By NATHANIEL ERSKINE-SMITH
Our continued failure to vaccinate the world will cost lives, damage our economic recovery, and enable new variants to emerge. We can and must do better.
Late last year, G20 leaders committed to vaccinate 70 per cent of the world by September. Yet without additional action, we will not only fail to meet that goal, we will particularly fail those in the greatest need. As it stands, of the 10 billion doses administered to date, only 10 per cent have been administered in low-income countries.
This lack of urgency not only falls short of our moral obligation to those who have less, it also puts our own health response and recovery efforts at risk.
Aris Katzourakis, Oxford professor and expert in the evolutionary biology of viruses, highlighted this risk in a recent article for Nature: “The best way to prevent more, more-dangerous or more-transmissible variants from emerging is to stop unconstrained spread, and that requires many integrated public-health interventions, including, crucially, vaccine equity.”
Without vaccine equity, we will continue to see supply chain disruptions that drag on our economy and a new and dangerous variant could undo all of our sacrifice and progress to date.
It’s no wonder that a report for the National Bureau of Economic Research concluded, “it is not an act of charity but an act of economic rationality for advanced economies to get involved in the efforts for an equitable global vaccine distribution.”
If that global distribution remains inequitable, Canada and other high-income countries stand to lose much more than it would cost to vaccinate the world.
That cost is estimated to be as little as $50 billion. Compared to the $10 trillion that G20 countries have spent to respond to the pandemic, the OECD’s Chief Economist Laurence Boone has rightly described these efforts as “completely disproportionate.”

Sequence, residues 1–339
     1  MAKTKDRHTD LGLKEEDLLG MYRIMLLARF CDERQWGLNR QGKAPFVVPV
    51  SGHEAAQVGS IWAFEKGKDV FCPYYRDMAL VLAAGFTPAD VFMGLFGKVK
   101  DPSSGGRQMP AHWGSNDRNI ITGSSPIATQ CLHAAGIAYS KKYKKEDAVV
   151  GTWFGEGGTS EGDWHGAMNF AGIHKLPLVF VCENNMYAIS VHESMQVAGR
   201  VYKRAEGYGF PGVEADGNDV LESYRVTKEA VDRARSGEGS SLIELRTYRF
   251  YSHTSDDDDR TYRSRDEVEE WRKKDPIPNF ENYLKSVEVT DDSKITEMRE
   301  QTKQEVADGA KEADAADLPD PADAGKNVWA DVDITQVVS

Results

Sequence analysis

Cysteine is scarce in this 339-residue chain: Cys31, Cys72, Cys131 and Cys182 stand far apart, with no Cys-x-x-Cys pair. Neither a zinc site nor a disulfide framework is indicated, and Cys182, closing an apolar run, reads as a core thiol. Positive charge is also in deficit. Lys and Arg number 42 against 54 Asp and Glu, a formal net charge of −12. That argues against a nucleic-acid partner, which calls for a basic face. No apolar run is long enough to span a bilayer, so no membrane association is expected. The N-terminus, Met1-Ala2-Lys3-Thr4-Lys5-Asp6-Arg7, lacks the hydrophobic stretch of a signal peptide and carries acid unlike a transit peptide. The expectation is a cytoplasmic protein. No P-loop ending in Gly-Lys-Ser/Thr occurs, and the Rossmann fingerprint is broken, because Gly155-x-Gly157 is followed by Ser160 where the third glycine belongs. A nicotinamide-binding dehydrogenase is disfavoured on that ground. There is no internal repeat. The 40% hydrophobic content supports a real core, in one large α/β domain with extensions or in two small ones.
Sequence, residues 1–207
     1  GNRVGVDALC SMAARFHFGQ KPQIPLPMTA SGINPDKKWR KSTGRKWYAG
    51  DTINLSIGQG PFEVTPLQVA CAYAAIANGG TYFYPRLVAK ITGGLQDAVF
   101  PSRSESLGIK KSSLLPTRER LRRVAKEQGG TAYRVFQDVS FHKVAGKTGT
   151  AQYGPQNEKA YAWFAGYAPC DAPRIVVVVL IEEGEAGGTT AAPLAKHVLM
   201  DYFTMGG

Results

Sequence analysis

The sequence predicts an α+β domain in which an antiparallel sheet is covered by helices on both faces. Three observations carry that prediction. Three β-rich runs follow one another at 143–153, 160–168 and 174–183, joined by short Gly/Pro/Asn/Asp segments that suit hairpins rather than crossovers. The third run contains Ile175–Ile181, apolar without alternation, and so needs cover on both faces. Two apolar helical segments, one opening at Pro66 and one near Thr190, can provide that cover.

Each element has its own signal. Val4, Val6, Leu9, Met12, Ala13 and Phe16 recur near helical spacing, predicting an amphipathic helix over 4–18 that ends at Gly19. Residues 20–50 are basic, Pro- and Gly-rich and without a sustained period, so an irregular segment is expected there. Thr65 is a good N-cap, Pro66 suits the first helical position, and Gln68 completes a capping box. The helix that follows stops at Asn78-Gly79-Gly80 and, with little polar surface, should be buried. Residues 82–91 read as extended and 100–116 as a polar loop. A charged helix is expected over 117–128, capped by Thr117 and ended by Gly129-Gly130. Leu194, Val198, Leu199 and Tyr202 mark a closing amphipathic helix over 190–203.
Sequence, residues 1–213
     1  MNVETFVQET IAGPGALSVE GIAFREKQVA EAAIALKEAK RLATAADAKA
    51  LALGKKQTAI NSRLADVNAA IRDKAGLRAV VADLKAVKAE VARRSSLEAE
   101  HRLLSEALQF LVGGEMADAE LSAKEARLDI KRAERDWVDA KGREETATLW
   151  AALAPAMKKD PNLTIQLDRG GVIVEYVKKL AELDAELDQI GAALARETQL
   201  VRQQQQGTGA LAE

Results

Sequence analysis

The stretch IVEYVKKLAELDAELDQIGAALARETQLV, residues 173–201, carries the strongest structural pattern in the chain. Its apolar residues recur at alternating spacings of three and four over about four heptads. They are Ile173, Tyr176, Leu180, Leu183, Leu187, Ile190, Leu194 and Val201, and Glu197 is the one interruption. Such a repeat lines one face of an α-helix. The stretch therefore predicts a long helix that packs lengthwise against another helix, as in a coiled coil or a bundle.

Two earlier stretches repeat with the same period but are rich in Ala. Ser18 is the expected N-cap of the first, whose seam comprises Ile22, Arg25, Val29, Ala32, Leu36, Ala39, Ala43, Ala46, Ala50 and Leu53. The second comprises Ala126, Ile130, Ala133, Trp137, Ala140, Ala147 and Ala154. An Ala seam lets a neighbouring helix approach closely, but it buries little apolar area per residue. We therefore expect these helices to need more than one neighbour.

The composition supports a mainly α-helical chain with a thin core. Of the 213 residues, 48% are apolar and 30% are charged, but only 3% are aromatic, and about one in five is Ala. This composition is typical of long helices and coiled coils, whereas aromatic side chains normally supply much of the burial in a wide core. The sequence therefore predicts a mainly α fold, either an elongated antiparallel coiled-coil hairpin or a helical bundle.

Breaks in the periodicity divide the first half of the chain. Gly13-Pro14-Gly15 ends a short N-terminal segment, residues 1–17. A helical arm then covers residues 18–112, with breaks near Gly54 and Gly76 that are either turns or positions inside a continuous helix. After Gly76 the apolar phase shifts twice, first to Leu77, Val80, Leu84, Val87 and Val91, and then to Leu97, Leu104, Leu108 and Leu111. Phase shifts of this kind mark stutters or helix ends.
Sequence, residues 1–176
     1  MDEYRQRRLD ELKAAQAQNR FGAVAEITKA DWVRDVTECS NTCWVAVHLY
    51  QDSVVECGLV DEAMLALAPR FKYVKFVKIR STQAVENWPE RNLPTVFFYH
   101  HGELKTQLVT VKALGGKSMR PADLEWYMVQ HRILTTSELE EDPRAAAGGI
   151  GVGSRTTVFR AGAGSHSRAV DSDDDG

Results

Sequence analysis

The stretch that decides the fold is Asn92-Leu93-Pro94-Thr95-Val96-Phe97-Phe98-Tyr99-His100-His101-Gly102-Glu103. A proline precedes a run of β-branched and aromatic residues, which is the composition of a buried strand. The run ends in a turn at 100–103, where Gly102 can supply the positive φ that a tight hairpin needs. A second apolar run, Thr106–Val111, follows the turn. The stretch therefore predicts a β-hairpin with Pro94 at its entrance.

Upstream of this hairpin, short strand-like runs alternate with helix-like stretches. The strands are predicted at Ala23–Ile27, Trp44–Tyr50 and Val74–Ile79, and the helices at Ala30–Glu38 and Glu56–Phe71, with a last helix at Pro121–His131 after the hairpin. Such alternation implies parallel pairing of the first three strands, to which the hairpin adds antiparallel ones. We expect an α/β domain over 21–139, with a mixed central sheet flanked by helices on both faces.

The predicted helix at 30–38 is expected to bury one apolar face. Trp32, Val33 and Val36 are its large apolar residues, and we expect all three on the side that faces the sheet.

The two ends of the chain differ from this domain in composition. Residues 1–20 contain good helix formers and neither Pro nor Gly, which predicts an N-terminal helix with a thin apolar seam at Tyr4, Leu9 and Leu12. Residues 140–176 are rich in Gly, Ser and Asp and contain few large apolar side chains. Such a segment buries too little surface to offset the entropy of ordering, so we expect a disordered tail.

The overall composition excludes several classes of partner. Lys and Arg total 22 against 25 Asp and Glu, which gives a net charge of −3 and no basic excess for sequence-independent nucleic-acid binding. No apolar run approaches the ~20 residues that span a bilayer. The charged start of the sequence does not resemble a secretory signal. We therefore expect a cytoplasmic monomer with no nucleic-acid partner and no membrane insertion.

Here in Canada, we’ve responded to the pandemic with over $500 billion in federal spending, including to procure vaccines and to bridge our citizens and businesses through the greatest crisis in our lifetimes. Yet only $1.3 billion has been directed to the ACT-Accelerator, the global collaboration to deliver vaccines, tests, and treatments. That $1.3 billion represents the sixth largest contribution to the ACT-Accelerator, making Canada a global leader in an overall effort that is underwhelming and insufficient.
To strengthen that effort, I’ve tabled a motion in Parliament that calls on Canada to do more to end the pandemic by sharing doses, resources, and knowledge.
First, we need to meet our promise to donate at least 200 million doses to vulnerable populations around the world through COVAX by the end of 2022. To date, we’ve identified 50 million excess doses (of which only 12 million have been delivered) and contributed funding equivalent to 80 million doses. In addition to identifying 70 million more doses (or equivalent funding) we need to ensure that the delivery schedule is expedited.
Second, we need to allocate at least $1.1 billion more for vaccine equity in Budget 2022, both to procure vaccines, tests, and treatments in developing countries, and to strengthen pandemic response capacity, including support for in-country delivery costs. $1.1 billion represents Canada’s fair share contribution under the Act-Accelerator’s financing framework, but an even larger contribution would be welcome given the collective action problem at hand.
Third, we need to contribute to a significant increase in global manufacturing capabilities for vaccines and other tools, including by supporting the TRIPS waiver to address IP barriers, facilitating the transfer of technology, and financial support for regional hubs.
In the end, when we look back at this time in history, we should see that Canada played a leading role in addressing global vaccine equity, the most important intervention to end the greatest crisis in our lifetimes.
Having spent hundreds of billions on our own domestic pandemic response, we should spend a fraction of that to save lives around the world and protect ourselves against the next variant.